Application of positron annihilation techniques in semiconductor studies

Grzegorz P. Karwasz 1,3Bogdan Kusz 2Roberto S. Brusa 1Antonio Zecca 1

1. Dipartimento di Fisica, Universita' di Trento, via Sommarive, 14, Trento 38050, Italy
2. Politechnika Gdańska, Instytut Fizyki, Narutowicza 11/12, Gdańsk 80-233, Poland
3. Pedagogical University of Słupsk, Institute of Physics (IF PAP), Arciszewskiego 22B, Słupsk 76-200, Poland


New, high intensity, narrow-spot positron beams open new possibilities for solid state spectroscopy. Positron annihilation techniques, being non-destructive, allowing depth profiling down to a few micrometers and detecting open-volume defects (vacancies, dislocations etc.) at single ppm concentrations constitute a valuable and complementary method, compared to other solid-state-physics studies.
We give examples of investigation in the field of semiconductors, performed with experimental techniques available at Trento University: 1) Doppler broadening of the 511 keV annihilation line method studied with a slow-positron beam facility, 2) positron life-time techniques with about 160 ps resolution, 3) Doppler-coincidence method in bulk.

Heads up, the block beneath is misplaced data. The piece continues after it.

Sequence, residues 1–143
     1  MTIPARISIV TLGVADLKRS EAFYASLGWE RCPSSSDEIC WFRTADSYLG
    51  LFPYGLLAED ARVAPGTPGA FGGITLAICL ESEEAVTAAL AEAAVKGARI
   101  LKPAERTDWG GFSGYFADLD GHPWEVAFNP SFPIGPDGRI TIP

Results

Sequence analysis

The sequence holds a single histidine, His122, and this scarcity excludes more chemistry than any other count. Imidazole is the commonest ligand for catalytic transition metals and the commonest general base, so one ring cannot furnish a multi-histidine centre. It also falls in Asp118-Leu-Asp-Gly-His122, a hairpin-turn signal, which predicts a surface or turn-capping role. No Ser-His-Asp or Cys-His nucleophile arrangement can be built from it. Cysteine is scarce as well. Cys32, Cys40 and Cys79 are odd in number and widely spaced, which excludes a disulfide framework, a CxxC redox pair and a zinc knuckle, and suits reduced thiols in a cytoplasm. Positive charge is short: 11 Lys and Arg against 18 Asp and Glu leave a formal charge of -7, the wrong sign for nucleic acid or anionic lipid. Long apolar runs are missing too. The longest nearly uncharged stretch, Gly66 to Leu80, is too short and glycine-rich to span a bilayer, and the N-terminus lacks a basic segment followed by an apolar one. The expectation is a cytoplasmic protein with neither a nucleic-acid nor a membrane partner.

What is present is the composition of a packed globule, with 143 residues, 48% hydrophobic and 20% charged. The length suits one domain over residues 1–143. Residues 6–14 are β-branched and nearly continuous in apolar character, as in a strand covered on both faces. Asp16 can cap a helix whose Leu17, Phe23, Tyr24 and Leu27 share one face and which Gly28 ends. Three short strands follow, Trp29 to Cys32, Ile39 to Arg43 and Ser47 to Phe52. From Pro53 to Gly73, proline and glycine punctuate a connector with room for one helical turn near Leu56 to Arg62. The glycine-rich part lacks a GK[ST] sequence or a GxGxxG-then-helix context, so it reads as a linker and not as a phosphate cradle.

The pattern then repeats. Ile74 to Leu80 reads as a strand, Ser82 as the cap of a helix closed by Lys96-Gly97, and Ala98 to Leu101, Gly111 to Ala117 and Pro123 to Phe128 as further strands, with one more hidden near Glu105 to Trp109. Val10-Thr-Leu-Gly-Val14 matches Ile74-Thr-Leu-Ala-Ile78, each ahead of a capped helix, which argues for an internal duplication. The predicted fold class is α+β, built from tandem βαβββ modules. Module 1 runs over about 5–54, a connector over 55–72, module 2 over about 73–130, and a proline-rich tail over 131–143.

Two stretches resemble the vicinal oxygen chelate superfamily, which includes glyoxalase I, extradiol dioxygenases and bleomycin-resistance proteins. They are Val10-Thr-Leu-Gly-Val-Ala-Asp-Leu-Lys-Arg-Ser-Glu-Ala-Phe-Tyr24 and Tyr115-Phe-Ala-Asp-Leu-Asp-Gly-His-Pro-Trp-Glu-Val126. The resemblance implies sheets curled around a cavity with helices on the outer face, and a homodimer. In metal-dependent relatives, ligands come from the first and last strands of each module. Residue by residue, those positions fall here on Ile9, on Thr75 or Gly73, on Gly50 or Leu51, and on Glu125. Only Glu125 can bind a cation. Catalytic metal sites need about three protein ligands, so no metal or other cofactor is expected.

Examples of applications are shown with the aim:
i)to follow the interstitial oxygen atoms dynamics and oxygen precipitates in Czochralski-type silicon at different stages of annealing using Doppler coincidence;
ii)to monitor the reduced layers and metal nanocrystals in semiconducting glasses
iii)to follow ageing processes in high-porosity, novel dielectric materials.
In particular:
i)Lowering of the coincidence parameter in Si samples annealed at 450C indicates migration of oxygen atoms from defect sites to interstitial positions. This type of annealing is a standard recipe of semiconductor industries, used for "as-grown" samples, in order to remove the electrical activity of oxygen atoms. The recipe was purely phenomenological and positron annihilation studies allow to explain it.
ii)Tracing the "valence" annihilation S-parameter allows to determine optimum thermal treatments for the desired reduced depth. Glasses are used for electron-multipliers and image-intensifiers.
iii)Ageing of high-porosity, low- ε materials, due to filling of pores by atmospheric gases. The lowering of 3- γ annihilation events indicated reductions of free-volumes inside the material. This processes is reversible.


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Presentation: invited oral at E-MRS Fall Meeting 2003, Symposium B, by Grzegorz P. Karwasz
See On-line Journal of E-MRS Fall Meeting 2003

Submitted: 2003-05-07 11:46
Revised:   2009-06-08 12:55